Additionally, as someone who was in the mortgage industry for thirty years, I saw the need to research and keep up with the laws and regulations within that sector. I stayed away from subprime mortgages, and for five to seven years, I said that relying on subprime mortgages would lead to imminent collapse of the industry and the economy. When the Great Recession hit in 2008, it was the mortgage brokers like myself that were blamed, but that was wrong, as it was the banks that gave the loans, and the government that changed the rules to encourage these subprime mortgages in the first place.
Through those experiences, I decided to get involved in politics. In 2008, I married my second wife and moved to Aliso Viejo. Shortly thereafter, I ran for city council in Aliso Viejo and ran to be a representative of the 73rd district in the Orange County Central Committee. This year, I am proud to represent the city of Aliso Viejo as mayor and I want to promote the city as a city where you can raise a family in an environment that promotes freedom. Many special interests have asked for favors, but as mayor, I have to represent everybody, and I have to answer to everyone’s demand for free stuff. It’s impractical, and it’s also not what the city should be doing. Government is not the answer. As mayor, my job is to provide a safe and beautiful blank canvas for the residents where anybody can paint their masterpiece.
RR: You bring a lot of fun and enthusiasm to the table, whether it’s as mayor, OCGOP Central Committee member or even as a mortgage broker. How do you balance out the fun with the responsibility of your work?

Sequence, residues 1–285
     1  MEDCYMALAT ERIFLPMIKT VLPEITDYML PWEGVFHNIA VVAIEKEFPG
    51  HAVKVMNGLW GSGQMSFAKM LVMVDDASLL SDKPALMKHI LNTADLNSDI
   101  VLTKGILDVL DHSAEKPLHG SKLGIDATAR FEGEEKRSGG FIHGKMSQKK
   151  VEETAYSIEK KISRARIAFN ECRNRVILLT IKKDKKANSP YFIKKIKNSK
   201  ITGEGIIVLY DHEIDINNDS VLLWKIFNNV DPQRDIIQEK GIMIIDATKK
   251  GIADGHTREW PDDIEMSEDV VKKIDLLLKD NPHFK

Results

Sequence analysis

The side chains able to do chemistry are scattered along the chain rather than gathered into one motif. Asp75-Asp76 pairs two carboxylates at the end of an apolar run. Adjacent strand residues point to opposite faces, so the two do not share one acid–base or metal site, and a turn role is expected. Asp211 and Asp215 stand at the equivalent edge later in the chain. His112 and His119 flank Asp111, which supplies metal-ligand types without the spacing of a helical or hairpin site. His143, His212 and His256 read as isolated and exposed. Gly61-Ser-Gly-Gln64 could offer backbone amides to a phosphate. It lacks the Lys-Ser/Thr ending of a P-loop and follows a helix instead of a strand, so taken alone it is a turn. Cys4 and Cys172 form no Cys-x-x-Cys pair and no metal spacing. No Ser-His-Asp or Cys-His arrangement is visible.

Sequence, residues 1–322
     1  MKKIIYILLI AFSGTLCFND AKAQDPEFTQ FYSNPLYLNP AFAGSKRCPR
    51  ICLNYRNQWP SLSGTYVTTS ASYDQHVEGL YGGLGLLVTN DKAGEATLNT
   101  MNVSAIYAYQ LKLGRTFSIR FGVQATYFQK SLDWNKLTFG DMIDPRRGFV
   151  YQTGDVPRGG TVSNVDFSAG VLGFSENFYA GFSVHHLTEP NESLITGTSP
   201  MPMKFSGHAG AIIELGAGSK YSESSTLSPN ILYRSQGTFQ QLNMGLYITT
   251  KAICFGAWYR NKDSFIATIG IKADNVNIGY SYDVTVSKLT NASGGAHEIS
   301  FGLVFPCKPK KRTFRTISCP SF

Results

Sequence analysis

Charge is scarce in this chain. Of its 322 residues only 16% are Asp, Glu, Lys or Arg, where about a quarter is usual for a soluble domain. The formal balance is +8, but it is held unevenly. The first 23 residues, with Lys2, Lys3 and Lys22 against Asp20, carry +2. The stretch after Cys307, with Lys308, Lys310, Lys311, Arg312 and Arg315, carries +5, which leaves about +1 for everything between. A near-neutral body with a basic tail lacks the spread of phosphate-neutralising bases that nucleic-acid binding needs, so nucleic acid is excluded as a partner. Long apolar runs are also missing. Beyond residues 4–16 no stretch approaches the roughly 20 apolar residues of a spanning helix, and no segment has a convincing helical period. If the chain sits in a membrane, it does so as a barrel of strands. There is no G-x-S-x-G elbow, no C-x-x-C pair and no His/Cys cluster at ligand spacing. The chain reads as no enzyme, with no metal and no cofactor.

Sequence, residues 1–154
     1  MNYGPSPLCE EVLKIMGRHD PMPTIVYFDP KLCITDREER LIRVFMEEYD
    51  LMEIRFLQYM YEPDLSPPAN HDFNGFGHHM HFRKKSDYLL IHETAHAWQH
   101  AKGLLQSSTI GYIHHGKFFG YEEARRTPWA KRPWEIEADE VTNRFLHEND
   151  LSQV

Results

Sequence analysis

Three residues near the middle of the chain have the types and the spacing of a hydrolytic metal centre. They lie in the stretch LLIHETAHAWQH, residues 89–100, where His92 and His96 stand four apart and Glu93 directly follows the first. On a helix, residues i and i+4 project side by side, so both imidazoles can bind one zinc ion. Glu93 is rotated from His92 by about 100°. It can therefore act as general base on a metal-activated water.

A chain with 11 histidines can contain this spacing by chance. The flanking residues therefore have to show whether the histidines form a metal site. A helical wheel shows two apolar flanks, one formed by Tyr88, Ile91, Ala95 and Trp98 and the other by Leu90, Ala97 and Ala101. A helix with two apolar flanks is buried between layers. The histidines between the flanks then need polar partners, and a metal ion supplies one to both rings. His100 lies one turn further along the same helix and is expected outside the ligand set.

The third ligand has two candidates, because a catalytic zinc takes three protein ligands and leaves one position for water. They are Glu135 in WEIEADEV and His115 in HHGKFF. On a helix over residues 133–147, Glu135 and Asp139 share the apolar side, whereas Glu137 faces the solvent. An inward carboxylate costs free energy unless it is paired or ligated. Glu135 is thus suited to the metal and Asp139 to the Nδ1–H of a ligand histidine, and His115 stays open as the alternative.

MM: I have always been somebody who was friendly and easygoing. There’s obviously nothing wrong with having fun, and after emerging from rock bottom, I made it a priority to live happy. However, running a city is serious business, and being the mayor means you are responsible for the well-being of tens of thousands of people.
When I first entered the council, there was a Green City Initiative bill that came to the council’s desk straight from the city planner. It looked like it was going to pass, and while it seemed well-meaning to most of the council, the bill was also centered on social engineering and restrictions of freedom that were inconsistent with the values of our city and the citizens that elected us. I was a lot more serious when I led the charge to defeat the initiative, and I used arguments that were measured and thought out, and many were surprised that I was capable of being so poignant and businesslike. However, when you need to be serious, you have to be serious.